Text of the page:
Children's lives put at risk after Council decision
Row erupts on eve of opening of Swim Centre

Just weeks ahead of the eagerly anticipated opening of the £6 million Falls Swim Centre, health and safery concerns are being raised due to the lack of bilingual signage in the centre.

English language-only signage will be provided throughout the centre which is due to open next month. Calls for signs to be erected in both English and Irish throughout the centre have been turned down by the City Council. A multi-lingual welcome sign will be erected at the entrance to the leisure centre.

However, Gaelgeoirs in West Belfast have now started a campaign to have this decision reversed. Hundred of local children in the area attend Irish language schools where they don’t learn to read English until Primary Three. The lack of Irish signage, say campaigners, could lead to serious injury at the centre, or even worse.

Local gaelgeoirs say that the decision not to have Irish signage in the centre is a kick in the teeth for the Irish language but say that they will not take the decision lying down.

Maírtín Maguidhir, Irish in Business Development Officer with Forbairt Feirste, says that for many children in West Belfast, Irish is their first language and to have signs only in English beside the swimming pool is a health and safety concern.

“One of our big concerns is that there is a huge concentration of Irish language schools in this area and children using the leisure centre might not be able to read English signs,” said Maírtín.

“Children aren’t taught to read English in Irish language schools until they are in Primary Three which means that they will not be able to read the signs in the swim centre. This throws up huge safety concerns and I know that a lot of local parents are concerned. We will investigate the possibility of taking legal action against the Council if this decision is not reversed,” he added.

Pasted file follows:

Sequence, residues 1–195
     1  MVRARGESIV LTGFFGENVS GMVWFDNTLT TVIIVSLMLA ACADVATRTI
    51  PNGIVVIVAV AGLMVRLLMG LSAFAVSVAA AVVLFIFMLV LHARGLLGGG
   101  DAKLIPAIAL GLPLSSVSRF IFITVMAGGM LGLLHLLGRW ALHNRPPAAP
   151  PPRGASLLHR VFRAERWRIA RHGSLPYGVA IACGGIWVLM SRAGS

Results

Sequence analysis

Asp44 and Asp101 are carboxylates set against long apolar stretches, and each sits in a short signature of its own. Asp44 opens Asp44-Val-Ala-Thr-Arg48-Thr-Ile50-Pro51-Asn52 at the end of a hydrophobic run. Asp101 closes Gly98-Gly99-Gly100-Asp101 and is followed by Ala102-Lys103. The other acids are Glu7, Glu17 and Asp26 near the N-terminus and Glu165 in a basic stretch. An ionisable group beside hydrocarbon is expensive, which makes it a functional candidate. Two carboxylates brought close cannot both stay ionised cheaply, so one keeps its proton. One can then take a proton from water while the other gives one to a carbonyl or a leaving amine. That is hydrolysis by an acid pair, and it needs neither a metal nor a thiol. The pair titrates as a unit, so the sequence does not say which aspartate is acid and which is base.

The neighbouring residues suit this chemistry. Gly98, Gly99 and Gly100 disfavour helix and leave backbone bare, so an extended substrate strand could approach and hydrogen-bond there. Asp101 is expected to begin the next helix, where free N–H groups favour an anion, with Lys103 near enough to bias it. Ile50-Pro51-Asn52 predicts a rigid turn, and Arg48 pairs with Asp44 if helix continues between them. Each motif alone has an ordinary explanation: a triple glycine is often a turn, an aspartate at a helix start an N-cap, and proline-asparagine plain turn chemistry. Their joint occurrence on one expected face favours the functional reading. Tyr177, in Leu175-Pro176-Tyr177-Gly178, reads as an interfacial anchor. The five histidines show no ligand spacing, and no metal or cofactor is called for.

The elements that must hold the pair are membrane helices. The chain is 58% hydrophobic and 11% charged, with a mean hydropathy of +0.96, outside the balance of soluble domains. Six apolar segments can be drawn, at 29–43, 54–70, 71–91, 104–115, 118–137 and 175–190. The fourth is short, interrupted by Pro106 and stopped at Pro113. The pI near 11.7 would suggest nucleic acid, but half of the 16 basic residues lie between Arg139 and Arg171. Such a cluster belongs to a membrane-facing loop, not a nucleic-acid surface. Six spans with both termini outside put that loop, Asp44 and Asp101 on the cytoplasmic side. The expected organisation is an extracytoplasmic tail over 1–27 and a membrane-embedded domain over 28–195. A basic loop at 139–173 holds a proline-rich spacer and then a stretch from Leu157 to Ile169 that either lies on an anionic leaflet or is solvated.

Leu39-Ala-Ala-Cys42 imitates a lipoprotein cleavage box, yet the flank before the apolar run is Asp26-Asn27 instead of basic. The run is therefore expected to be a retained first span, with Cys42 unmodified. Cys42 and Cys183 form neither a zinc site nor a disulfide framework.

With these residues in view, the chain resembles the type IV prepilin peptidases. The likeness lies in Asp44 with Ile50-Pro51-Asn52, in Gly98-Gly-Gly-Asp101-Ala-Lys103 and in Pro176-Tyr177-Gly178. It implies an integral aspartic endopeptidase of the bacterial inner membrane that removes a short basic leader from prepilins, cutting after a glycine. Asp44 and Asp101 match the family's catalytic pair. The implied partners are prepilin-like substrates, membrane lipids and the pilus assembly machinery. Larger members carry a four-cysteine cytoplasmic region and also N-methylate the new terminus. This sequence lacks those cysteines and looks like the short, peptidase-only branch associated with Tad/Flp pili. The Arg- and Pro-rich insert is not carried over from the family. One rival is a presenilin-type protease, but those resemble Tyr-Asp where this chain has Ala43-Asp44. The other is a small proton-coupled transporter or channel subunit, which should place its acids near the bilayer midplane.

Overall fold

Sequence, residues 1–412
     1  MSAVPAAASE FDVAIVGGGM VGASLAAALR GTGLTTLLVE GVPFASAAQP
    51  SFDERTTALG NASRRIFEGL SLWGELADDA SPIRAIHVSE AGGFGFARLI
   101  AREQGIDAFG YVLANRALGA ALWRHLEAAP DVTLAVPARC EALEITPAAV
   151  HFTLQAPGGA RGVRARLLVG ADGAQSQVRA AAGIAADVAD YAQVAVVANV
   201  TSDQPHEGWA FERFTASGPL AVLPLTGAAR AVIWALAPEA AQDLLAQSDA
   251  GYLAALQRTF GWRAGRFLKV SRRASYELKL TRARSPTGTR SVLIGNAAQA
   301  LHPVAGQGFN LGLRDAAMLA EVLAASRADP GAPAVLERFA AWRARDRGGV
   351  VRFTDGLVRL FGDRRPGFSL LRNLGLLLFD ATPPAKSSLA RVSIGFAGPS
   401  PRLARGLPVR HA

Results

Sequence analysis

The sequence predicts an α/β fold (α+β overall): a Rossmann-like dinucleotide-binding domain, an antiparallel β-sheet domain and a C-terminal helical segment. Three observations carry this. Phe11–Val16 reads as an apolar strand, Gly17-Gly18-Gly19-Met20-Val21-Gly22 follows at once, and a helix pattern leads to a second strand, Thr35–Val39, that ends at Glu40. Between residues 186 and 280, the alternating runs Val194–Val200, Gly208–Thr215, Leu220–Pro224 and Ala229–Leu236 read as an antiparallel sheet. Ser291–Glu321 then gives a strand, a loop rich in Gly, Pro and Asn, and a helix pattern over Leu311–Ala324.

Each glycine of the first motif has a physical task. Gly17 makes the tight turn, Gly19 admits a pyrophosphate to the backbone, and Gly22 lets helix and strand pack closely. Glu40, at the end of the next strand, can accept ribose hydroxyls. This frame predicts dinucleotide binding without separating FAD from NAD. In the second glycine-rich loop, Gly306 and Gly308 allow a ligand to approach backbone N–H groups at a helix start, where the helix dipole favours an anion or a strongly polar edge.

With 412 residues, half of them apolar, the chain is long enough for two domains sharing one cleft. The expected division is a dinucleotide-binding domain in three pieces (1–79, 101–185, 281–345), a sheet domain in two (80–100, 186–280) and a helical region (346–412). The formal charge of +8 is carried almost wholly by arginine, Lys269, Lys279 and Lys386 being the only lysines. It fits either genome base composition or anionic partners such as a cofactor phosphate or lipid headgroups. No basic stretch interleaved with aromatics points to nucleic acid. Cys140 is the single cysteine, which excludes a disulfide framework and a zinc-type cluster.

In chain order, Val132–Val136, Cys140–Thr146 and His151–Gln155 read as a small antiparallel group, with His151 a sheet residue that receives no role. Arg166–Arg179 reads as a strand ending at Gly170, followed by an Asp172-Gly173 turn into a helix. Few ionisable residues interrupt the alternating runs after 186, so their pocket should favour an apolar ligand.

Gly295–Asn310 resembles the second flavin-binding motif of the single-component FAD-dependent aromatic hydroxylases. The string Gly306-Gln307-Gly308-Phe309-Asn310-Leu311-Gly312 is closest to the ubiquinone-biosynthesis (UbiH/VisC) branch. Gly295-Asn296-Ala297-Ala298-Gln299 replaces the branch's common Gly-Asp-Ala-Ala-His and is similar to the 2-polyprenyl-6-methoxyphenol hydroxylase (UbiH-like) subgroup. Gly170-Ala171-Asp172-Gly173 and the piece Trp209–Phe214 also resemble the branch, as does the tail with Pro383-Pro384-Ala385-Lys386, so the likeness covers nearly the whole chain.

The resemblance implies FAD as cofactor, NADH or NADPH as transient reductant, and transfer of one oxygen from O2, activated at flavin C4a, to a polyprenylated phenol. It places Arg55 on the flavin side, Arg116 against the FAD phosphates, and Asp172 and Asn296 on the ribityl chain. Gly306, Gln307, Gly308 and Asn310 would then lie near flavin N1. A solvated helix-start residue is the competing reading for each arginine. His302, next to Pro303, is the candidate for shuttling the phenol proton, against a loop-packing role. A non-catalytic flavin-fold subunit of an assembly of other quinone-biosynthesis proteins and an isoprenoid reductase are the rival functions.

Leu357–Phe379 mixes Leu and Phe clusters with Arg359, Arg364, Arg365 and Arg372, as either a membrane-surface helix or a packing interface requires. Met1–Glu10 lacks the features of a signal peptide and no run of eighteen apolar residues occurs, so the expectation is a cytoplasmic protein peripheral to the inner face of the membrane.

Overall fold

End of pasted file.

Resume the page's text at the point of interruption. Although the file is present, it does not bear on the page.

Maírtín said that local Irish speakers are furious that bilingual signage will not go up in the new facility.

“The swim centre is in the heart of the Gaeltacht Quarter yet the Irish language is being ignored. This is a slap in the face for local Irish speakers and we are not prepared to take this lying down.

“We have requested a meeting with the Head of Client Services and the Chief Executive at the City Council and want the decision reversed. We are planning a campaign to get the bilingual signs put up and will protest during the opening if this decision is not reversed,” he added.

Local MLA Fra McCann says he intends to lobby the Council further on the issue.

“This decision has downgraded the Irish language,” said Councillor McCann. “Thousands of people in West Belfast use the Irish language as their primary language.

“I will be lending my support to the campaign started by local Irish speakers to have bilingual signage,” he added.

A spokesman for Belfast City Council said that the new signs would follow Council policy.

“Normal practice at all Belfast City Council's facilities is that all signage is in English, and the Council agreed that this practice be followed at Falls.

“As Falls is a new development, it was agreed that the welcome sign at the centre would reflect the cultural diversity of the city, although the final decision on what languages will be featured has not yet been made. The Council also has decided that internal signs also will be provided in Braille,” he added.

Journalist:: Roisin McManus

Comments: Post a Comment

<< Home

This page is powered by Blogger. Isn't yours?